Each game consists of a combination of piles of cards laid out in the middle of the table, from which you strategically buy/take cards: This is the supply. There are basic card stacks that are always laid out: The 3 money cards (copper, silver, gold), the 3 point cards (estate, duchy, province), the curse cards and the rubbish board for disposing of certain cards.
In addition to the basic cards, 10 different piles of action cards are placed – professionals can choose freely, but the instructions and the accompanying booklet recommend a set of 10 cards, which is ideal for beginners. So in the middle of the table there is the rubbish tableau and 17 separate piles of cards, which are easily accessible to all players.
Now each player is dealt 7 copper cards and 3 estate cards from the supply, shuffles them and places them as a face-down pile in front of them. Everyone draws the first 5 cards into their hand. Next to the draw pile on the left, leave space for cards that have been played and the discard pile on the right, where the last card always lies face up.
The Dominion card game is played in turns and begins with any starting player. Each player’s turn consists of 3 phases:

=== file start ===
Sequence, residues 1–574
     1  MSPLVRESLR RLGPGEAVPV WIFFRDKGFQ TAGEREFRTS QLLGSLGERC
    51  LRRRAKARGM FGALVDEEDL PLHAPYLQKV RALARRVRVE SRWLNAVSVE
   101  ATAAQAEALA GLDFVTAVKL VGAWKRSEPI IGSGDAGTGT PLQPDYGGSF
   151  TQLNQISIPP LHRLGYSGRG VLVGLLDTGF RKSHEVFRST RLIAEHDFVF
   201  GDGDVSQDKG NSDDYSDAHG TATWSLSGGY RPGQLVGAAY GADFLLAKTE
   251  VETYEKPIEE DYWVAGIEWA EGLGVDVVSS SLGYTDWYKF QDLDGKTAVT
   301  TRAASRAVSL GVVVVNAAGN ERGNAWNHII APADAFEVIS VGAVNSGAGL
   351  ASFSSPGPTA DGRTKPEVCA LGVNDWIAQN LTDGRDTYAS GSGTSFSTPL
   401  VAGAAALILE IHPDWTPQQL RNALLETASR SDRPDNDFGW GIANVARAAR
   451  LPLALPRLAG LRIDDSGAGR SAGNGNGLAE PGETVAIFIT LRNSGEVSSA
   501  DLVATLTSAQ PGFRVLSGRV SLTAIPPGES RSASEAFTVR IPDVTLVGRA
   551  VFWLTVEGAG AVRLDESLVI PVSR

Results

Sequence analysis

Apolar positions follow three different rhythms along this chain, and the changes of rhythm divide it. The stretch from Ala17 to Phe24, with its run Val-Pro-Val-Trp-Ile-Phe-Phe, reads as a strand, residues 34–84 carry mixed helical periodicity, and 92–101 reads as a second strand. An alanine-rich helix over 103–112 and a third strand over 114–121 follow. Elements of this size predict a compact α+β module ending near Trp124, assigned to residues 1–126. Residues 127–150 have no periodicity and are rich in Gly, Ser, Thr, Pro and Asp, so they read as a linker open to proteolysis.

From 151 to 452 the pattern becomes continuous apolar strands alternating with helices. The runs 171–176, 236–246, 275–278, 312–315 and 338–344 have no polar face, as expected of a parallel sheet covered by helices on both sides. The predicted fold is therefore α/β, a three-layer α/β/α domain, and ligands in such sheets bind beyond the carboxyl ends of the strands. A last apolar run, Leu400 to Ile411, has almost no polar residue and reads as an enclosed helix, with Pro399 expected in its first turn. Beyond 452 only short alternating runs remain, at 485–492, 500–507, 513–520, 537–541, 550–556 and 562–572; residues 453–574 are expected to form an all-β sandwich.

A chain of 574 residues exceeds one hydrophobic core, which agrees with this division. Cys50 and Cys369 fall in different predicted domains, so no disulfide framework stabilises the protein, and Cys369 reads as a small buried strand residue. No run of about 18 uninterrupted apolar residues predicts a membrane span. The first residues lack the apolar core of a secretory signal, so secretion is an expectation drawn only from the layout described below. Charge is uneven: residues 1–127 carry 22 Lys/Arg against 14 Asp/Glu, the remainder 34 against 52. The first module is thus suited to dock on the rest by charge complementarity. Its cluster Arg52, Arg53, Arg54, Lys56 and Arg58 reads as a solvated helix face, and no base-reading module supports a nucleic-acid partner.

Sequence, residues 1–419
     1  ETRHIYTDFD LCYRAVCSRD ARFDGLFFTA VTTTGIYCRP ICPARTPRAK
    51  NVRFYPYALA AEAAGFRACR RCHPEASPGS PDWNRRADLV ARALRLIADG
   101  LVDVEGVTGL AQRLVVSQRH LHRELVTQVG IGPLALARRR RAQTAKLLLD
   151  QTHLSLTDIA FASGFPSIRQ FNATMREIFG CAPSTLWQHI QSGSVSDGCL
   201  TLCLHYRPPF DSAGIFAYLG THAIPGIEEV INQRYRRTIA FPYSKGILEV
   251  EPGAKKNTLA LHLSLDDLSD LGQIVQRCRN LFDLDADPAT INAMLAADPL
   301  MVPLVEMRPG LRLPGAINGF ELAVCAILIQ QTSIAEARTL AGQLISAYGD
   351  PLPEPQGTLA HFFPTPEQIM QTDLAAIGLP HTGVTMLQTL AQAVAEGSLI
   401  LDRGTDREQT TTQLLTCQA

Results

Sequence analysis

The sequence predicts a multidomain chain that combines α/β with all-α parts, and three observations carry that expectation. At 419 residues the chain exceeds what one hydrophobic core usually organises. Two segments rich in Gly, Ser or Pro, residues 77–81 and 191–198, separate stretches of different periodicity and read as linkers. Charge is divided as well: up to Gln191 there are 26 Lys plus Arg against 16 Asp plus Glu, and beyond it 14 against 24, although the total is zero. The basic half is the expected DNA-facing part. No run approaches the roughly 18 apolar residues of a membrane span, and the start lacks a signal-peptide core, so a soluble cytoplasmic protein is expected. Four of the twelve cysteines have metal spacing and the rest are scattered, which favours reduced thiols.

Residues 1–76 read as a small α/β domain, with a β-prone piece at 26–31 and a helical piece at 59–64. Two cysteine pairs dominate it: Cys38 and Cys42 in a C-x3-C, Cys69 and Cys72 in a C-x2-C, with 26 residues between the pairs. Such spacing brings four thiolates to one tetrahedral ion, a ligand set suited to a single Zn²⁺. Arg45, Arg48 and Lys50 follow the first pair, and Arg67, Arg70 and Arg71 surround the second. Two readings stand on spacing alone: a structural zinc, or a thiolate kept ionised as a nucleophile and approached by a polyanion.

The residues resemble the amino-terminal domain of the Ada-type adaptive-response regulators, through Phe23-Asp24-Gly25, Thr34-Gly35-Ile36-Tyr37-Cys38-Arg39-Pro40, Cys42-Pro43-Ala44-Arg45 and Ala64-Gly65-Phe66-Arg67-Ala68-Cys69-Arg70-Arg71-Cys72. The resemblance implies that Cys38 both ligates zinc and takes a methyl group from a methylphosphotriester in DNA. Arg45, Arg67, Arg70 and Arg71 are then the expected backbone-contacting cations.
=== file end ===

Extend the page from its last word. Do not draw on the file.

Playing an action means playing an action card that you have in your hand. These cards are marked with the word “action” at the bottom in the centre of the card. Then you carry out the instructions on the action card from top to bottom. For example, the action card Village says + 1 card and + 2 actions.
This means you may draw one more card from your draw pile and play two more action cards, if you want and can. The more action cards you can play in this way, the longer your turn will last towards the end of the game. If you do not have any, this phase is omitted.
You usually try to play the action cards tactically so that you have the maximum amount of money in your hand.
With the money that the player now has in his hand, he can buy a card from the supply every turn that he can afford. This is because each card – whether money, action or point card – costs a certain amount. It is also possible to buy several cards – if action cards were played beforehand that allow this.
The purchased card is immediately placed on the discard pile.